Chloe Tenn | Nov 3, 2021
Multiple white tailed deer tested positive for SARS-CoV-2 likely transmitted from humans, a study finds, indicating the species could act as a reservoir for the virus.
black and white electron microscope image showing oval-shaped mature monkeypox virions as well as rounder immature ones
Texas Monkeypox Case Underscores Need for Better Surveillance
Christie Wilcox | Jul 30, 2021
A patient caught the rare disease in Nigeria before flying through two US airports, exposing more than 200 people from 27 states.
A stylized, computer-generated 3D render of a virus cell that looks similar to SARS-CoV-2
Two New Coronaviruses Make the Leap into Humans
Amanda Heidt | May 20, 2021
Two viruses from dogs and pigs were isolated from human patients, but neither was proven to cause severe disease or to transmit to other people.
Illustration of a coronavirus
COVID-19’s Origins Need Further Investigation, Say Scientists
Catherine Offord | May 14, 2021
A letter signed by 18 researchers argues that hypotheses about zoonotic spillover or accidental lab release both “remain viable” in the absence of additional evidence.
Q&A: New Tool Ranks Viruses by Their Risk of Jumping to Humans
Jef Akst | Apr 9, 2021
Researchers involved in a long-term project to identify viruses of concern have now assessed the risk factors that could help forecast which pathogens are the most likely to spillover from wildlife to people.
COVID-19, SARS-CoV-2, pandemic, research, reverse genetics, toolkit, antibodies, RNA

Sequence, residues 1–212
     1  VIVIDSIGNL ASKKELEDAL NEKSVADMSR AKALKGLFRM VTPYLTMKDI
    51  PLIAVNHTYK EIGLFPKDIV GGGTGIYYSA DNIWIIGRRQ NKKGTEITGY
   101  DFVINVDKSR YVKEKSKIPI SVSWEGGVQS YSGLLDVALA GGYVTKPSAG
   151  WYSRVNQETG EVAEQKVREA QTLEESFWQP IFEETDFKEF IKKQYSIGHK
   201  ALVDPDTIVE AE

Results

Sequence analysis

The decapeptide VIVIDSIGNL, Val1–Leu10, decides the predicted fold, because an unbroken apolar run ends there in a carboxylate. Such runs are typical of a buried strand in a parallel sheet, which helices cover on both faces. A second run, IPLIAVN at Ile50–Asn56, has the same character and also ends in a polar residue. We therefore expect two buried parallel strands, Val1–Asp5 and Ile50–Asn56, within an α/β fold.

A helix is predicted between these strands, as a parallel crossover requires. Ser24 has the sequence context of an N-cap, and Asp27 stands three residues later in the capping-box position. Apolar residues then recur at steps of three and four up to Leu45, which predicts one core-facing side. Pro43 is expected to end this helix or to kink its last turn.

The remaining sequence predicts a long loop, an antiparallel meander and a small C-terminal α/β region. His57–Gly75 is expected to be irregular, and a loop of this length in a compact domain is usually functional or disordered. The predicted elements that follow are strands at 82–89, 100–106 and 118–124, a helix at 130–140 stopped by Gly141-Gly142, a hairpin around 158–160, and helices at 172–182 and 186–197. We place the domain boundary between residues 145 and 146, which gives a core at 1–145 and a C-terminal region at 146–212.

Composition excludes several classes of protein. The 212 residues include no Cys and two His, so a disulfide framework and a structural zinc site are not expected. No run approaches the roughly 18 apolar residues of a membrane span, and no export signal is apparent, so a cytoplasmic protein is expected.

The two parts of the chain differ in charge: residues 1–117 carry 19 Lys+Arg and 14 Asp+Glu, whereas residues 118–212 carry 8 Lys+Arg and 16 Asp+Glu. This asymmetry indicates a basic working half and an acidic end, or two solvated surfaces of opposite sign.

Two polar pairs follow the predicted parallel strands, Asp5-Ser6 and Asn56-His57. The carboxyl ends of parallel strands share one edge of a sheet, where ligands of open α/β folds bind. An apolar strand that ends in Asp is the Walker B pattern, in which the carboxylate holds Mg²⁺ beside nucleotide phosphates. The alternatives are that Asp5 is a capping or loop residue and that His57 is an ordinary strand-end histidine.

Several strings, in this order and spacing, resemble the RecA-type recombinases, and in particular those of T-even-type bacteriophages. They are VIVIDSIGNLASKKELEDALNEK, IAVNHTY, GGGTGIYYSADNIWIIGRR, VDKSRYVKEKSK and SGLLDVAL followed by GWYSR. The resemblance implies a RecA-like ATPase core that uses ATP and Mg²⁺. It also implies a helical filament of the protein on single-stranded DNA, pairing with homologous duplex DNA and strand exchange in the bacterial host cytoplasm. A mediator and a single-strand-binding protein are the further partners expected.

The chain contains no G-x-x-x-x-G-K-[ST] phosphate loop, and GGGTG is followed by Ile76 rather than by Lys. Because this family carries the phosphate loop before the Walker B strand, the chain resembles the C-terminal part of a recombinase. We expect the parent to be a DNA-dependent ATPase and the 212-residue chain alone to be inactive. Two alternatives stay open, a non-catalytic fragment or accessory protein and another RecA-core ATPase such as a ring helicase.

Q&A: A Molecular Toolkit to Build SARS-CoV-2 Research Capacity
Asher Jones | Mar 3, 2021
Sam Wilson discusses a user-friendly set of resources that he and his collaborators developed to aid labs pivoting to study COVID-19.
Yunnan province, China, bats, bat, COVID-19, SARS-CoV-2, SARS-CoV-1, infectious disease, pandemic, coronavirus, climate change, modeling,
Are Climate-Driven Shifts in Bat Diversity to Blame for COVID-19?
Asher Jones | Feb 12, 2021
A study proposes that habitat for bats—and their accompanying coronaviruses—has increased in southern Asia over the last century, but experts debate the reliability of the analysis.
wuhan china who world health organization sars-cov-2 origins lab escape huanan seafood market intermediate host bat covid-19 coronavirus pandemic
WHO Discounts Idea that SARS-CoV-2 Leaked from a Lab
Kerry Grens | Feb 9, 2021
An investigation by the World Health Organization into the origins of COVID-19 will instead focus on the virus’s animal origins and the possibility of spread through frozen foods.
Q&A: Minks Can Transmit SARS-CoV-2 to Humans, Study Shows
Max Kozlov | Nov 13, 2020
Whole genome sequencing of the virus infecting the farm animals showed that it spread from the workers to the mink and back, indicating that an animal could serve as a viral reservoir.
Denmark to Cull 17 Million Mink Amid SARS-CoV-2 Mutation Concerns
Lisa Winter | Nov 5, 2020
Government authorities say because the animals are good hosts of the novel coronavirus, and this new viral variant could undermine vaccine efforts against COVID-19, they are destroying the nation's entire stock of mink.
Disrupted Habitats Have More Zoonotic Disease Hosts: Study
Lisa Winter | Aug 6, 2020
Animals that can host pathogens dangerous to humans, such as rodents, birds, and bats, are proportionately more common in human-occupied spaces than in remote areas.